Self management strategies

Self management strategies are essential when dealing with persistent psychological issues and pain. The injured person should be encouraged to take control of their rehabilitation and drive the management of their recovery, using active strategies to control their symptoms and learning to function despite their symptoms.

Examples of individually tailored strategies include (not exclusive):

  • goal setting
  • activity scheduling
  • psychoeducation
  • observing, monitoring and challenging unhelpful beliefs
  • exposure based approaches to feared and/or avoided situations through homework activities
  • problem solving
  • relaxation techniques
  • a regular exercise program
  • managing medication usage
  • establishing a healthy and consistent sleeping routine
  • pacing strategies to minimise risk of relapse
  • learning acceptance of their injury and disability.

Planning for self management and independence from treatment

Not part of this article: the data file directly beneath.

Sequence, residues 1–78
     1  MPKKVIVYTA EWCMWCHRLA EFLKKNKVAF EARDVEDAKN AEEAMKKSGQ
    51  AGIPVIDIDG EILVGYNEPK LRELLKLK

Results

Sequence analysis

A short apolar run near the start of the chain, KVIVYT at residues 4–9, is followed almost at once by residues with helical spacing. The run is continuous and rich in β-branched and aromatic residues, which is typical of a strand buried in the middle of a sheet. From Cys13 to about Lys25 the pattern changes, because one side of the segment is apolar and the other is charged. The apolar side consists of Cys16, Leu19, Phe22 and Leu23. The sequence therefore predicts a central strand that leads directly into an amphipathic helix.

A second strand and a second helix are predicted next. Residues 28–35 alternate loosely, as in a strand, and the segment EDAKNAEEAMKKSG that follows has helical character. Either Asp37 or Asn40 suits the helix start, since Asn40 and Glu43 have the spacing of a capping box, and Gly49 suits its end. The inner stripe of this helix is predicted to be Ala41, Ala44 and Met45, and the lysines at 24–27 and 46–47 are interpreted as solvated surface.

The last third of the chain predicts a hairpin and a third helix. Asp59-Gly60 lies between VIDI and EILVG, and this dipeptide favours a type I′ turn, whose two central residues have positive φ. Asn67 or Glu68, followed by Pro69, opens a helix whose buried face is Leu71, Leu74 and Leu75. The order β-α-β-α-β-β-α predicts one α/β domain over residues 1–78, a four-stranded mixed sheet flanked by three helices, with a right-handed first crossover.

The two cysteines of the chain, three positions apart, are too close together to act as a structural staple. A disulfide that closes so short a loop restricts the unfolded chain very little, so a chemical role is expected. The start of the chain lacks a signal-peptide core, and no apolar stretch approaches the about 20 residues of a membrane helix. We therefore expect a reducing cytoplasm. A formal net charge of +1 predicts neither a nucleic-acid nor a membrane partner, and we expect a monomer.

The key measure of treatment effectiveness is the ability of the injured person to independently manage their condition and resume usual activities. Independence does not mean being symptom free, but rather living a functional and productive life while self-managing symptoms if they arise.

By following a biopsychosocial approach and the principle of empowerment, most injured persons should become independent of treating practitioners. Planning and preparation for discharge should begin at assessment (eg the treating practitioner and the injured person may agree on a set number of treatments and a plan for gradually reducing their frequency over a defined period of time). This creates an expectation that, as the injured person becomes more independent, so will their reliance on treatment reduce.


Relapses are inevitable with ongoing psychological injury and persistent pain, often occurring during times of increased activity or stress. Treating practitioners need to educate injured persons to expect relapses and understand the reasons why these may occur. They should provide injured persons with strategies to manage these episodes while continuing with their active rehabilitation.

Useful strategies for relapses include:

  • cognitive challenging techniques (including problem solving)